• Quiet Red Media

Let's Talk Business #2

5 Tips for Self-Publishing Your First Comic


 

Getting your work published is a huge deal! All the pitching and meeting and rejections and… wait, no. Scratch that. Let’s talk about doing it the good ol’ DIY way. Self-publishing: let’s talk.



 

The Conversation



Over the years, this DIY approach to getting one’s work out there has become far more common. I may even go so far as to say we’re in a bit of an indie boom.


The accessibility of doing things yourself has really blown the doors open for the creative folks out there to get their work to the masses, and it’s amazing.


However, I still see a lot of works put out that clearly haven’t gone through the proper steps. Some worse than others, of course.


What I want to talk about is some of the basic steps that can be taken to really ramp up the quality of your work. I’m by no means an expert, but I think these things are fairly common starting points that some creators may not heed as much as they should.


This is not in response to, or aimed at, anyone in particular… With that said, let’s get into it.


 

1. Know What You Want to Do



Have a vision!


I’d like to think that we all can agree upon this simple idea: When going into a new project, it’s best to know what you want to accomplish.


That simple.


Okay, next point.


Jus’ kiddin’.


Seriously, if you’re going to dive into a project where you’re pouring in your time, effort, creative juices, and even cash, do the legwork up front to flesh things out.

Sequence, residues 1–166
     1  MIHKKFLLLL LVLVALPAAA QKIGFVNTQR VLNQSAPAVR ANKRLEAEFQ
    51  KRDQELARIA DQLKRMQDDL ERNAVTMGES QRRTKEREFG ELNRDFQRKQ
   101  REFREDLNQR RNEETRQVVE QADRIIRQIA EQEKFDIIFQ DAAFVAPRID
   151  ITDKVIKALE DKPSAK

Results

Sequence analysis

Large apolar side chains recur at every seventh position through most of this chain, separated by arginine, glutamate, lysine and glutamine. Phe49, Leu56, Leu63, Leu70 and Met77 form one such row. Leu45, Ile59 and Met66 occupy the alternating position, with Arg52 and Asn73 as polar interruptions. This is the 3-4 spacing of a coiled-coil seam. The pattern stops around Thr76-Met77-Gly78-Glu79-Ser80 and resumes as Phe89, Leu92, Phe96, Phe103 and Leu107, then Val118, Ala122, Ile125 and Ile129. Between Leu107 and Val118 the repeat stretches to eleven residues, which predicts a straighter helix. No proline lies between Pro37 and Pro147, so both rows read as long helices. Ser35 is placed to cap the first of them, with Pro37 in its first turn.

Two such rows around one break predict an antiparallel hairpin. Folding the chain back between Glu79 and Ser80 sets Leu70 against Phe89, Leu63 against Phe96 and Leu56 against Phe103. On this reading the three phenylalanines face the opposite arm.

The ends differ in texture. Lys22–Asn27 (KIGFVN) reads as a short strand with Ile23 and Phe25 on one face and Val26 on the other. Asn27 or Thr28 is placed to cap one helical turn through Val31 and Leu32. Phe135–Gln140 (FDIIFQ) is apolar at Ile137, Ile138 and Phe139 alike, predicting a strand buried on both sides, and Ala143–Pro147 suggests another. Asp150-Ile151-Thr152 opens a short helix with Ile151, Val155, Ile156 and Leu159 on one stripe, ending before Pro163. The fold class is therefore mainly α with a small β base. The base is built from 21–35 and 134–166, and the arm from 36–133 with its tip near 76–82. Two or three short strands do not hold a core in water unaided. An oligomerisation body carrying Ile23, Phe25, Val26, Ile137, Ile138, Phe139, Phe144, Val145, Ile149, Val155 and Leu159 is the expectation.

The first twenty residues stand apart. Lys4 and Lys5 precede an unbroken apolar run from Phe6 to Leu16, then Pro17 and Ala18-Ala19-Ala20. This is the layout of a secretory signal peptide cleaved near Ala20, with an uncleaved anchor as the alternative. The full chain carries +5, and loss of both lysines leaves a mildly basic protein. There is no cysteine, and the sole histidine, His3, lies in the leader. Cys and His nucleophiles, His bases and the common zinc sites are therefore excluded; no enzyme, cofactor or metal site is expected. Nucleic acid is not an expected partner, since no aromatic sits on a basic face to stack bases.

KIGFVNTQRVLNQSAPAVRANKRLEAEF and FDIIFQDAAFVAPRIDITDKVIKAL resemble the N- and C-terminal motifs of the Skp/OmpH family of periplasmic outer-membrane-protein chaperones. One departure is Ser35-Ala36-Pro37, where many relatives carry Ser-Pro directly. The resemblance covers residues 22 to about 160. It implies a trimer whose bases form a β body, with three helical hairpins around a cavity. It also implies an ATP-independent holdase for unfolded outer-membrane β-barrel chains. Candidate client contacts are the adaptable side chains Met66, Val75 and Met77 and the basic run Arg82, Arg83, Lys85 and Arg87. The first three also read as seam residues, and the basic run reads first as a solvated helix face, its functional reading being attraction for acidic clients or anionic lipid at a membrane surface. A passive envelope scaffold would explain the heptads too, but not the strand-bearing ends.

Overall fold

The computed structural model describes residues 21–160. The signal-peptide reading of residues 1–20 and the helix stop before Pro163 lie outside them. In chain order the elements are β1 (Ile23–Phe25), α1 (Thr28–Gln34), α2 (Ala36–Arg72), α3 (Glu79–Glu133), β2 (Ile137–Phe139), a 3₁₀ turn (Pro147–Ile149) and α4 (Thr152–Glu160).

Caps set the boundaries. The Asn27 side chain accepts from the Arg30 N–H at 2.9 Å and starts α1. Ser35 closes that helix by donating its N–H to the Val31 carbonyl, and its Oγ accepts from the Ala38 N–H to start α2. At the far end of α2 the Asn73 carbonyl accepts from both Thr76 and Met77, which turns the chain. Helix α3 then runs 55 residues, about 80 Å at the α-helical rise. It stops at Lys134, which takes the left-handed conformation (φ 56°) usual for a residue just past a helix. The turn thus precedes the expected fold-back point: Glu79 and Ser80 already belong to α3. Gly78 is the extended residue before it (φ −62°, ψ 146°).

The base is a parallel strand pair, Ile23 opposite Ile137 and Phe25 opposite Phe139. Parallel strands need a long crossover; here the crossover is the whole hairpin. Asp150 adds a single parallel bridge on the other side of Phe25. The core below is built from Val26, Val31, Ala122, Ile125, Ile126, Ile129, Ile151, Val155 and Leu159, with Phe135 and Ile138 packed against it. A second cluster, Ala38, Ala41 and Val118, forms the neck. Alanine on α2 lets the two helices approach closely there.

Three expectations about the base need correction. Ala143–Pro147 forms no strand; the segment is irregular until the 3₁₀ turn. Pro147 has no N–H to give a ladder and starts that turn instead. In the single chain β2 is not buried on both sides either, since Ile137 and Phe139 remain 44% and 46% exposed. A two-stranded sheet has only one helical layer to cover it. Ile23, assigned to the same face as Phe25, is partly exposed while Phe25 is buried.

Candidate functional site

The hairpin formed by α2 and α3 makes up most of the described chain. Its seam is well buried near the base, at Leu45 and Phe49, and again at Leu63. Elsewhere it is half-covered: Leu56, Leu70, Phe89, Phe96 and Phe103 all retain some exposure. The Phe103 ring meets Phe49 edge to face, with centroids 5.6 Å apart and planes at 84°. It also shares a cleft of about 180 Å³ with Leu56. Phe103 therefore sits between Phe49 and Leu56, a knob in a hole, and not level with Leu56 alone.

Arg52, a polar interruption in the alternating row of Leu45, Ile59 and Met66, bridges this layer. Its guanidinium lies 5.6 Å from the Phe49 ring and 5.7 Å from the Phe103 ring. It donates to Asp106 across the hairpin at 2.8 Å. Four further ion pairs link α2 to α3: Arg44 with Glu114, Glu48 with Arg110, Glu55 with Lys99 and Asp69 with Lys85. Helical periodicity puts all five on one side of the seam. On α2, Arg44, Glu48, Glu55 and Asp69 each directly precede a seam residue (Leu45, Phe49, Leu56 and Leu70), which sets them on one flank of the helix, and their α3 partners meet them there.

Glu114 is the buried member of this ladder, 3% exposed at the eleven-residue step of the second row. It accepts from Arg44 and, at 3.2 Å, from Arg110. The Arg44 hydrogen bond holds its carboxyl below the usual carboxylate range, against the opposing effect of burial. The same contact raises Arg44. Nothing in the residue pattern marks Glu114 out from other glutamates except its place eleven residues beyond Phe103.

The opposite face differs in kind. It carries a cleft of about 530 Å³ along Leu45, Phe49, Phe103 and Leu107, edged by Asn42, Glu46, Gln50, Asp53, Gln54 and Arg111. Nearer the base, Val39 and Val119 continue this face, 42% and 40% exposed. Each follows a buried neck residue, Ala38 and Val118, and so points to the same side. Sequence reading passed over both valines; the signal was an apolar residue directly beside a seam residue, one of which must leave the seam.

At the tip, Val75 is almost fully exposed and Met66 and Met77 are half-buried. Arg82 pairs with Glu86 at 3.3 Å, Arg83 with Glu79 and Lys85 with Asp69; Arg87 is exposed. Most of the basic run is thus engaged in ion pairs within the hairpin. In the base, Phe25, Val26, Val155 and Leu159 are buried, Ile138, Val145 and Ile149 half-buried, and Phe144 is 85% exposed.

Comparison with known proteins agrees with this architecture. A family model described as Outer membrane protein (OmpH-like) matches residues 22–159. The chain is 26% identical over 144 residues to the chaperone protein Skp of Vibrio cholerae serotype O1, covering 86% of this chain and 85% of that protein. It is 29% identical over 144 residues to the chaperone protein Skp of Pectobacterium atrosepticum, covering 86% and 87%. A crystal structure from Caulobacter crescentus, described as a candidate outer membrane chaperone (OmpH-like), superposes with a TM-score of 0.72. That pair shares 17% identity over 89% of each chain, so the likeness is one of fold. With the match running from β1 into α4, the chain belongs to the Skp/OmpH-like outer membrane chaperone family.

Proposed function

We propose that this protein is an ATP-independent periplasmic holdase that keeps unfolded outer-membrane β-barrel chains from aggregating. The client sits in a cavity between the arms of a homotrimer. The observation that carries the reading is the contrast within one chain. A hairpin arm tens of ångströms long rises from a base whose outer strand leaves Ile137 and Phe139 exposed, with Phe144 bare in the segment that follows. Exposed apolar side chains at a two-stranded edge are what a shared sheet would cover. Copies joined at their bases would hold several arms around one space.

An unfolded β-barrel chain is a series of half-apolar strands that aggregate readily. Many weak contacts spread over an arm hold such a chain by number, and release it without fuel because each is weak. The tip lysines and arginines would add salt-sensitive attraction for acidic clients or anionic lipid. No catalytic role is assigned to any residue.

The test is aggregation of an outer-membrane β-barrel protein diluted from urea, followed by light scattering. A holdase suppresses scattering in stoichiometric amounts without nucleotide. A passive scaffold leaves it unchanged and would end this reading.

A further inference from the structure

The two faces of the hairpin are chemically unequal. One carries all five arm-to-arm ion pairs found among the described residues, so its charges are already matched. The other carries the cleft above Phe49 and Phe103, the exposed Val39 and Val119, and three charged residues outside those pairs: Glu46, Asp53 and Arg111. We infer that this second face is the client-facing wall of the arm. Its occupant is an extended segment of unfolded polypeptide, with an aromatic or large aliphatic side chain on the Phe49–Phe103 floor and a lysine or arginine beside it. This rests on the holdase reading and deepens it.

You should have a handle on the groundwork of this endeavor. Is this a property that you’re taking seriously? Are you willing to put the necessary resources into this project? These things can take some serious chunks of your time. You need to be comfortable with that. Ride or die, baby!


Know exactly what you’re trying to get across. Know your messages and themes. Know your genre. Know your audience. Is this a one-shot or a series? Know everything you can beforehand because, almost as sure as death and taxes, you’ll have some unexpected shit pop up on you. The more you have a handle on to begin with, the better.


 

2. Invest the Time



Don’t underestimate the time required to do this.


As stated above, this sort of thing can take up serious chunks of time. What’s even more daunting is that you could have a hard time nailing down just how much it’ll be. Things can change, and they can change quickly. Things come up. Life gets in the way. You just never know.


You need to be willing to put in the time. Your time is one of the biggest investments you’ll put into a project. And it’s one of the most valuable. Make sure you utilize it well.


Now, I’ve seen some projects come and go, where the creator clearly hadn’t put in the time. It’s commendable to get the book out there, but it’s much more impressive to do it with a quality product. Right? So, no shortcuts. Be ready to dig your heels in!


 

3. Hire Am Editor <--- (See what I did there?)



We’ve all probably seen the occasional typo in major works. It’s not going to ruin the book but, speaking for myself, it takes me out of my suspension of disbelief for a moment, as I analyze and/or scoff at the blunder. However, when mistakes like that become repetitive, they also become bothersome.


These things aren’t always just typos and grammatical errors. In worse cases, whole panels can be in the wrong place, and sometimes even more egregious errors occur.


I bring this point up because, unfortunately, I’ve seen quite a bit of this sort of thing in self-published works. Now, I’m by no means saying it needs to be perfect. Let’s be real, sometimes these things escape an editor too. That happens. But let’s not play with the odds by not bothering in the first place.


Even for my short five-page story, I hired someone to look it over. You may find that to be overkill but, for me, it’s about peace of mind. It also makes me feel just a tad bit more professional… maybe that’s just me.